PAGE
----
In the absence of megf6 or hemicentin, ectopic stem cells not only proliferate outside of their compartment but also remodel their environment. These stem cell colonies accelerate the lesioning of the body wall muscle, resulting in large holes in the network of muscle fibers (Fig 5). This may be occurring indirectly through migration of progeny cells from the ectopic clusters, directly due to mechanical stress caused by expanding cell populations, or the stem cells may actively secrete factors such as matrix metalloproteases, similar to how metastasizing cancer cells degrade the ECM [9]. Ectopic stem cells may also cause the ectopic gut branches seen in megf6 or hemicentin knockdown animals, as these gut branches are always found in close association with the stem cells. The planarian gut is responsible for providing nutrients to the tissue of the worm; therefore, formation of ectopic gut branches might parallel angiogenesis, another process induced by cancer cells [50].

Regenerating tissues organize normally, initially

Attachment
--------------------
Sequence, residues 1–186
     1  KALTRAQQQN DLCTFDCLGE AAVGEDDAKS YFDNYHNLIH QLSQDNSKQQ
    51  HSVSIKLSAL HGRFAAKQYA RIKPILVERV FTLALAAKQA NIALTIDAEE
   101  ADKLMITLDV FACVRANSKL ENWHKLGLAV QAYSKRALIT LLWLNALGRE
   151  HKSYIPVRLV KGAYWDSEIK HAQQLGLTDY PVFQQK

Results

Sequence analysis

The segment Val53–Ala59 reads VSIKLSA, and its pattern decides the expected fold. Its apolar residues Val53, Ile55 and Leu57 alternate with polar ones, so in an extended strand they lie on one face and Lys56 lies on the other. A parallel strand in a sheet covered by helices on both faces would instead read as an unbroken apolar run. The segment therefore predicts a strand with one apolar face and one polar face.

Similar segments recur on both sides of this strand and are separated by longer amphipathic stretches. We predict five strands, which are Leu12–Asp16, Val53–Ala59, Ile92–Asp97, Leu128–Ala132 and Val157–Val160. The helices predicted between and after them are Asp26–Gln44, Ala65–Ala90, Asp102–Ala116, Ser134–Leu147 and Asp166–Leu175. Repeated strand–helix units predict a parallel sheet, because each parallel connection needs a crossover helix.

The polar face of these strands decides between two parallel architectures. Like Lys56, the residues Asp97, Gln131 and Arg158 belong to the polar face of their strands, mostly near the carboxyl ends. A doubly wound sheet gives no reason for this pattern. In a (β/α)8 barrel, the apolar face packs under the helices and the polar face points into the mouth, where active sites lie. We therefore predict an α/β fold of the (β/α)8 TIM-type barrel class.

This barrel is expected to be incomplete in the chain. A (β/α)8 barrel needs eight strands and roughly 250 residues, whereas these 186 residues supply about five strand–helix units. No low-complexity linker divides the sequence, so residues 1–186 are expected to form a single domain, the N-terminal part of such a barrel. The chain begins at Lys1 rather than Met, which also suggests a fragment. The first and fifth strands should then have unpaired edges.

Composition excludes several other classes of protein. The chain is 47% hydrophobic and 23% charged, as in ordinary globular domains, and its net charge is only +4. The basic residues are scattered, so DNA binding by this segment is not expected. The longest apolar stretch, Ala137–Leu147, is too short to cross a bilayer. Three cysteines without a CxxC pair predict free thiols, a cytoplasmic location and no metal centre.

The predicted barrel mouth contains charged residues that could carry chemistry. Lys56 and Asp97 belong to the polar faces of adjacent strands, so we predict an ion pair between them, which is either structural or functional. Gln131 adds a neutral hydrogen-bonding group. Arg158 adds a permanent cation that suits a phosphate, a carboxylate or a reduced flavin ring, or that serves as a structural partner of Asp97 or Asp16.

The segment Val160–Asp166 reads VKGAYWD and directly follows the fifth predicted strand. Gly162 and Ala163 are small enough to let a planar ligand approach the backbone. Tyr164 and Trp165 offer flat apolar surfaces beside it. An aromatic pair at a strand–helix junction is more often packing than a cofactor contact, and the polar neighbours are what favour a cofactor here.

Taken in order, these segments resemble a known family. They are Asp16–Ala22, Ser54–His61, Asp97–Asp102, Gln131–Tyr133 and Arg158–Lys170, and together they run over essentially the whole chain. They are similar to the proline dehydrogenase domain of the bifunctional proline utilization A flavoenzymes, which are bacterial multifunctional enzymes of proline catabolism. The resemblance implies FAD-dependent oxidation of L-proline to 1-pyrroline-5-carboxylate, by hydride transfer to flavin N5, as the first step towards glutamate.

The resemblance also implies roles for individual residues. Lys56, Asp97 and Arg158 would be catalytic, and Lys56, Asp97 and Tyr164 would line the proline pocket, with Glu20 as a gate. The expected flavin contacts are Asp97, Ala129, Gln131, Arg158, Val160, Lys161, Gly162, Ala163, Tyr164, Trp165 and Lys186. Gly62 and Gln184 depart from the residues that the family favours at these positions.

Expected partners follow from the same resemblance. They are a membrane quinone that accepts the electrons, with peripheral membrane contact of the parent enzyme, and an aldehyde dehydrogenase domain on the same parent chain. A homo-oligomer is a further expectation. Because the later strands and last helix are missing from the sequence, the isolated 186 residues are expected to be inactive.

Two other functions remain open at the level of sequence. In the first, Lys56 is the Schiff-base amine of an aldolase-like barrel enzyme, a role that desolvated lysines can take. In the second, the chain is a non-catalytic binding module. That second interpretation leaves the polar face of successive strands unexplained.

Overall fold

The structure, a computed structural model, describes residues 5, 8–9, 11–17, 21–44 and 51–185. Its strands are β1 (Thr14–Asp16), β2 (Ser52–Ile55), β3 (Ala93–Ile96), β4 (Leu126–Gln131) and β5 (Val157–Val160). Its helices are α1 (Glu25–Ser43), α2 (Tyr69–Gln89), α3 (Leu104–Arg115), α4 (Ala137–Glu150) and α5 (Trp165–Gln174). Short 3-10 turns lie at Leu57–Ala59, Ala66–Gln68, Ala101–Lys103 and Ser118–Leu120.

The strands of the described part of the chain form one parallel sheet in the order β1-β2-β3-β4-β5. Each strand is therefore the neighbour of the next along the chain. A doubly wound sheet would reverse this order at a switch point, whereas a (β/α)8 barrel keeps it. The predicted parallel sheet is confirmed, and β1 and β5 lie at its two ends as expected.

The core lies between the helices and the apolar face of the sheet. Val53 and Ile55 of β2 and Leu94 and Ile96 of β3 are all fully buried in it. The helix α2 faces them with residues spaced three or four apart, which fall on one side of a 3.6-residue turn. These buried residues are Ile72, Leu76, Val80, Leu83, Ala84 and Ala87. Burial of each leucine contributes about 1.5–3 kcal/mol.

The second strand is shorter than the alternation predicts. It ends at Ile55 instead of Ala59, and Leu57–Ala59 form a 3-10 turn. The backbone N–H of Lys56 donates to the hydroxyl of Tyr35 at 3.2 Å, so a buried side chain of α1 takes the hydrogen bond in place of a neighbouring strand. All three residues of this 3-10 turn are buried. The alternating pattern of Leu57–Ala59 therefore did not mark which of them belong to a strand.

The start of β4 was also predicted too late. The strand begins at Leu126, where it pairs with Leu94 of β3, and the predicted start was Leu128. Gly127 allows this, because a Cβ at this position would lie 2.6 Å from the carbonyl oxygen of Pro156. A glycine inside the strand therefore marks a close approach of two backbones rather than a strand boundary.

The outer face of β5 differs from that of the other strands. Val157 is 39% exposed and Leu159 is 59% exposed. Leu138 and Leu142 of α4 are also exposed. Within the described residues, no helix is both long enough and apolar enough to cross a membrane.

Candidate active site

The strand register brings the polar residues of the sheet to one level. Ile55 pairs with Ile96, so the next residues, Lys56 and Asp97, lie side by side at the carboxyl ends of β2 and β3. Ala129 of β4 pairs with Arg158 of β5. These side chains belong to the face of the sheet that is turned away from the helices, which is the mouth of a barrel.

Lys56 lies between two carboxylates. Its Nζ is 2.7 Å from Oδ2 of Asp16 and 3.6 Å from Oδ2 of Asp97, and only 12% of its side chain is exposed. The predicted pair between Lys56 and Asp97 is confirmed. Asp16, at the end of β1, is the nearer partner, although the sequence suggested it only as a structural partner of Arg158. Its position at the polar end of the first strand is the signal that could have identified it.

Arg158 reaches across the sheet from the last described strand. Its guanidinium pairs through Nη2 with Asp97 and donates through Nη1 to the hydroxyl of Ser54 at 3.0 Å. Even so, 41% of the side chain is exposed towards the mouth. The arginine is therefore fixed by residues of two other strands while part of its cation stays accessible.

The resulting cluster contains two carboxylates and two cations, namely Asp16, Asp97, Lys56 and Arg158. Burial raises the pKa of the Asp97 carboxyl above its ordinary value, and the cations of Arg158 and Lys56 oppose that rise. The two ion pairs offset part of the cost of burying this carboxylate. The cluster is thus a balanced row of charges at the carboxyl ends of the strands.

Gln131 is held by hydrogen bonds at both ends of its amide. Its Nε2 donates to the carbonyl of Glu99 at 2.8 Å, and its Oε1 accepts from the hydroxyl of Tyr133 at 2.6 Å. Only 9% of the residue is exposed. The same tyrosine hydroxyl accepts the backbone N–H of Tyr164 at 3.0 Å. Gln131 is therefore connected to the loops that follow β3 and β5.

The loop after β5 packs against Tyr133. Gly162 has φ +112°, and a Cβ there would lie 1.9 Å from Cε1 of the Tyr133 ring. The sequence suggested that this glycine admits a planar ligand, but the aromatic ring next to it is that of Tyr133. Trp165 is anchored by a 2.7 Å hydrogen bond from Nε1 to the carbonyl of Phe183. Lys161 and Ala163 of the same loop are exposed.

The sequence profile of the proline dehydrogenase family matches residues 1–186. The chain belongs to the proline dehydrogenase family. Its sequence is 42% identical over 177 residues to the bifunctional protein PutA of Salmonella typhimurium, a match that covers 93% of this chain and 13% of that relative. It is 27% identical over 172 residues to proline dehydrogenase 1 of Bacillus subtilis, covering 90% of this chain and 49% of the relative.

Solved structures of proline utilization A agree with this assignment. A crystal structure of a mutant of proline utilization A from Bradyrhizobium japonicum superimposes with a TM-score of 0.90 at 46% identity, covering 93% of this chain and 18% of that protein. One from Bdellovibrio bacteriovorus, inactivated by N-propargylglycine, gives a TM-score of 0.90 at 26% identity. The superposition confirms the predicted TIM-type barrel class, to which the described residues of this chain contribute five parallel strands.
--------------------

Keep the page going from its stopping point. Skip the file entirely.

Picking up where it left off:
Despite the severe defects observed in homeostatic tissues of megf6 or hemicentin knockdown animals, these worms are able to regenerate new tissues that appear largely normal. Although the basement membrane in the new tissue is still disorganized, ectopic pigment cells do not appear for at least a week following amputation. Ectopic stem cells, and therefore muscle lesions, are also absent from the new tissue for at least two weeks post amputation. Therefore, although the ECM still appears to be disorganized by megf6 or hemicentin knockdown, this disorganization does not affect the proper regeneration of new tissue.

One explanation for this is that megf6 and hemicentin are responsible for maintaining the integrity of the tissue against the mechanical stresses caused by homeostatic cell turnover, which could explain why ectopic pigment cells begin to reappear by two weeks post-amputation. Another possible explanation for the proper patterning of new tissues in megf6 or hemicentin knockdown worms is that specific changes to the ECM occur following amputation to promote regeneration, resulting in a “regenerative ECM” that does not require the same type of organization as mature ECM. The concept of a regenerative ECM has been described in zebrafish spinal cord regeneration, which requires the deposition of pro-regenerative Collagen XII by fibroblasts [12]. It is possible that amputation triggers the expression of regeneration-specific ECM proteins in planarians, and that these proteins can define tissue boundaries in the absence of megf6 or hemicentin. Understanding how the planarian ECM acts to promote regeneration and suppress excess cell division during homeostasis may help to explain the incredible regenerative and cancer-resistant abilities of the planarian.